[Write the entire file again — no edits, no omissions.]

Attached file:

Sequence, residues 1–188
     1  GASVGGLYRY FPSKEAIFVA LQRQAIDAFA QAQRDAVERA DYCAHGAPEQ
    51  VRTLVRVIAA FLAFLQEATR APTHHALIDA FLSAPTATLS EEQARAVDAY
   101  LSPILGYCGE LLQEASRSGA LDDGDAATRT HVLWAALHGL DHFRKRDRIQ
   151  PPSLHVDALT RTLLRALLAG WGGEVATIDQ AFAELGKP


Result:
Sequence, residues 1–188
     1  GASVGGLYRY FPSKEAIFVA LQRQAIDAFA QAQRDAVERA DYCAHGAPEQ
    51  VRTLVRVIAA FLAFLQEATR APTHHALIDA FLSAPTATLS EEQARAVDAY
   101  LSPILGYCGE LLQEASRSGA LDDGDAATRT HVLWAALHGL DHFRKRDRIQ
   151  PPSLHVDALT RTLLRALLAG WGGEVATIDQ AFAELGKP